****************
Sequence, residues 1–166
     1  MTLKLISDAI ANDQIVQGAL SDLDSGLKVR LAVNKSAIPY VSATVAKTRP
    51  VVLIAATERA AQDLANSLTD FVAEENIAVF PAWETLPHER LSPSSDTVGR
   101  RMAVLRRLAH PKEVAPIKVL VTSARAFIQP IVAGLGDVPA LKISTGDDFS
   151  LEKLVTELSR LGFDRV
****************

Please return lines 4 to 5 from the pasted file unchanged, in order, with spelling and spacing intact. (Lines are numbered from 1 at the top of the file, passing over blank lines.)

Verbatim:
   101  RMAVLRRLAH PKEVAPIKVL VTSARAFIQP IVAGLGDVPA LKISTGDDFS
   151  LEKLVTELSR LGFDRV